I am delighted to participate as Chief Guest at this opening ceremony of the 18th Africa Scout Conference. I would like to start by thanking you for the opportunity to speak at such an important event. The work that you do, to shape young minds and develop our young people into civic minded individuals, committed to the ideals of serving others, is more vital in today’s world than ever. My own early experiences as a civil society activist in Sierra Leone, to defend human rights during its civil war, have given me this steadfast conviction, which I continue to hold central in my life and UN career.
As we look across the globe, societies are divided. People are increasingly out for themselves, at the cost of pain and suffering to others, undermining the cohesive societies we desperately need especially here in Africa, to drive sustainable development, prevent conflict and establish lasting peace and prosperity.
The founding principles of the United Nations, as set out in its Charter, are to bring humanity together, for the peace and prosperity of all. Even though this is the shared responsibility of all Member States, it must start with the individual. We each have a responsibility to first and foremost instil these shared human ideals in our children and youth, ingraining moral compasses which will always point true north in this direction. The work of the Worldwide Scout Movement is an essential contribution to this. Your mentorship and investment in generations of young people, is moulding them into the future leaders that the world so desperately needs.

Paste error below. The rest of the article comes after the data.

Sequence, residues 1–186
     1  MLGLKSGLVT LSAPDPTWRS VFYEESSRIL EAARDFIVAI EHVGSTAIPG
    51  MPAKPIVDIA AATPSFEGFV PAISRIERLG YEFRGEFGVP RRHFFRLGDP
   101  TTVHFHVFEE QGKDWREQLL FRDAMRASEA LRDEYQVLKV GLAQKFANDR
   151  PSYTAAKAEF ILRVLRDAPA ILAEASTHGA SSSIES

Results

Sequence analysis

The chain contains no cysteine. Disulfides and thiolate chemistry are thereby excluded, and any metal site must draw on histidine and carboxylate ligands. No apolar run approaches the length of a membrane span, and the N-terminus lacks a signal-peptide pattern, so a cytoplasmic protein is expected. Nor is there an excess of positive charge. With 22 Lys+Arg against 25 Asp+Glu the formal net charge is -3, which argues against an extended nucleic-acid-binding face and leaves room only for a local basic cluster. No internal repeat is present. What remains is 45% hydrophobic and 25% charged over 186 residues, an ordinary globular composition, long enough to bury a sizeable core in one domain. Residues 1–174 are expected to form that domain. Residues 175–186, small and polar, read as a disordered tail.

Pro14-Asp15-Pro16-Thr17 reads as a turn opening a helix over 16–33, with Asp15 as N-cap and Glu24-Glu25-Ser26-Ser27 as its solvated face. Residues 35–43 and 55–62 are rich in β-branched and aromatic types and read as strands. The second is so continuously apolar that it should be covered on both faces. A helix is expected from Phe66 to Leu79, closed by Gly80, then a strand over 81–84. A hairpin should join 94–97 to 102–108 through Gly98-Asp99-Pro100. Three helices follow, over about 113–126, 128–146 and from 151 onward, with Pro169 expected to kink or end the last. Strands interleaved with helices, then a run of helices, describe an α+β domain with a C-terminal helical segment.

In this, you are also closely aligned with the UN Secretary-General’s vision. Almost a year ago, in September 2021, the Secretary-General presented the report on “Our Common Agenda”. The report sets the shared strategic direction for a UN better able to tackle the global challenges of today and tomorrow, and identifies priorities for taking action to address the most pressing global challenges we face.
In it, the Secretary-General recognises that this is only possible by investing in the youth of our societies, equipping and empowering them to engage with these challenges, and take a leading role in helping to address them. Over the last year, Member States, the Secretary- General’s team, and other United Nations bodies have been working together to move forward on different recommendations within the report. One of them is the establishment of a dedicated United Nations Youth Office in the UN Secretariat for this very purpose, which is progressing well.
The Common Agenda also recognises that the best means to change deeply engrained political cultures and systems of corruption and nepotism – which undermine good governance across the globe – is to invest in our young people, encouraging their engagement with politics, and building up a generation of public servants driven by a desire to change things for the better, and with humility.
We need young people who will be champions for human rights, ready to fight injustices wherever they may be found, holding to the belief that rights not enjoyed universally by all are simply privilege extended, and that we all have both an individual and collective responsibility to defend the marginalised and exploited and seek justice for all.